And so, most of the things that I see are problematic with existing Scrum or not just Scrum but any kind of Agile implementation is that there's remnant or some piece of it but it wasn't a fully completed transformation event. And so, you end up with pieces and parts but you don't get an integrated whole and therefore, you don't get the business outcomes that you are waiting for.
6. So the sum is less than the parts! Looking back, we have a matrix, I mean, a lot of organizations are heavily matrixed and utilization focused. So we might have a person who is in QA working across four of five teams, project manager working for a couple of teams, technical writer working across ten teams - what kind of approach when you see that? What are the kinds of conversations you have? How do you go about trying to change that?
You may be laughing about the technical writers because there's never enough technical writers in any organization for what they want to achieve so they are heavily matrixed. And so Agile methods can handle some degree of matrixing. So you go back to kind of PMI PMBoK model and when you talk about matrix organization, you typically have strong side of the matrix and a weak side of the matrix.
And so most traditionally managed organizations the strong side of the matrix tends to be the functional organization in the sense that the development manager or the QA manager has the power to decide how things happen and in a projectized organization, or team-based organization, the primary affinity is to the team.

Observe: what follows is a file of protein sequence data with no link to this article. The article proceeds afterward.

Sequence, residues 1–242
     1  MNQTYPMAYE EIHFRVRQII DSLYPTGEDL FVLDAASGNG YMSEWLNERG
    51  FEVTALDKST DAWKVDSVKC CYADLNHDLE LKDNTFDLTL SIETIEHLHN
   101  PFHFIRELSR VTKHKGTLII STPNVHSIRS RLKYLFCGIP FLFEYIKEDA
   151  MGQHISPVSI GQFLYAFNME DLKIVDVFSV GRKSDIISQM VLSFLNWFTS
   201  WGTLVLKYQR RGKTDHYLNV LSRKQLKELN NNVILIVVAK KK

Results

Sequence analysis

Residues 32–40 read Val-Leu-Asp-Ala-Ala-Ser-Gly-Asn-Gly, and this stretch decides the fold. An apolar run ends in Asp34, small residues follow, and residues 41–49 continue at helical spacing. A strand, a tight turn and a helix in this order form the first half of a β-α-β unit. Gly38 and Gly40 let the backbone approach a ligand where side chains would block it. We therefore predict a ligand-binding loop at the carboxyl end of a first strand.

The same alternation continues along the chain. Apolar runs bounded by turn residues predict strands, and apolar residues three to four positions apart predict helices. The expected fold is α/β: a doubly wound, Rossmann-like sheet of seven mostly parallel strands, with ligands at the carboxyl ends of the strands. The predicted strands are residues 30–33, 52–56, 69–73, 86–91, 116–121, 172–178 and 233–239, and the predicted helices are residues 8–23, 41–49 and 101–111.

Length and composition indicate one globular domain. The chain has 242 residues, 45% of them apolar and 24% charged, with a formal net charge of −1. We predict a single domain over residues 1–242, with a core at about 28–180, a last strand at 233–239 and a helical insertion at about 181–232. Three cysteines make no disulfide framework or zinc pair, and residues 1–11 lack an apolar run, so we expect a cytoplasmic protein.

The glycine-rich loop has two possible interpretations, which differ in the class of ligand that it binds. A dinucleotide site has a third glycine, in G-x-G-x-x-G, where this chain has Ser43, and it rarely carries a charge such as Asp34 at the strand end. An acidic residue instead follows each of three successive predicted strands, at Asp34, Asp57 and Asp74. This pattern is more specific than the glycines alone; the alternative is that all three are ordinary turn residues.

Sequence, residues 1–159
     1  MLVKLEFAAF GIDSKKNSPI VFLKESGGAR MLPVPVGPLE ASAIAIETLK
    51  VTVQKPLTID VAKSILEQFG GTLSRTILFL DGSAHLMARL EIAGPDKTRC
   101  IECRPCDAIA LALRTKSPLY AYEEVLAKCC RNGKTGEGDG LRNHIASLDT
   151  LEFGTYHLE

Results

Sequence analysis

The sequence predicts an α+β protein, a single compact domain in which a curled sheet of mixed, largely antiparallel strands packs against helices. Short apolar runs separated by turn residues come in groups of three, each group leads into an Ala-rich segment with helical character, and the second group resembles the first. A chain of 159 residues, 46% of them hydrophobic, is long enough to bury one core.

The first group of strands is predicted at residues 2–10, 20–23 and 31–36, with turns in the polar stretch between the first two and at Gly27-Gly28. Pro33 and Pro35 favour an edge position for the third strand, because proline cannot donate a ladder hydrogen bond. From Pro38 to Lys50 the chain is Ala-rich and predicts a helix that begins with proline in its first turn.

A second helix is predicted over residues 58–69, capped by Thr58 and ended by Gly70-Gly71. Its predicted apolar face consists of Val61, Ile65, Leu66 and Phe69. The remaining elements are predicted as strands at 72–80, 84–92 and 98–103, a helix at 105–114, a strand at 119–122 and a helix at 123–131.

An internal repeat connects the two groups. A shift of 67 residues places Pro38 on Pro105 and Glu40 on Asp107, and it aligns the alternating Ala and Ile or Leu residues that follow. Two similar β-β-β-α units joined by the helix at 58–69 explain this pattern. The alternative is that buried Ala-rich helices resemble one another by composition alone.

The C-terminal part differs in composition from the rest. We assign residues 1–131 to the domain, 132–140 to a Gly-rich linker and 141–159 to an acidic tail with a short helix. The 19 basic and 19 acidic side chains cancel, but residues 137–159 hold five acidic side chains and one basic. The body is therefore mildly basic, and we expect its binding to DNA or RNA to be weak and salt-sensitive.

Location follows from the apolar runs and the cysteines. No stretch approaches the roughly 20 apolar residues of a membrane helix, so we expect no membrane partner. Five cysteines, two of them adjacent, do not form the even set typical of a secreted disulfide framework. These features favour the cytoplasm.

And so first of all, one thing I want to say is that it's not typically trying to go and break up management hierarchies, that's a kind of conversation for a different day, but we're trying to shift the strength of the matrix from the functionally aligned manager to the team.
And so one is challenged with that and you hit it on it in your question is the idea of a belief that individual utilization leads to better product delivery outcomes or projects delivery outcomes and I believe that's a myth and I think we're learning that. I think the emergence of Lean in our community and the idea of value stream mapping and things like that, is helping us to understand that it's not really the utilization of the individual that matters - it's really the productivity of the team or the unit of people that creates the product.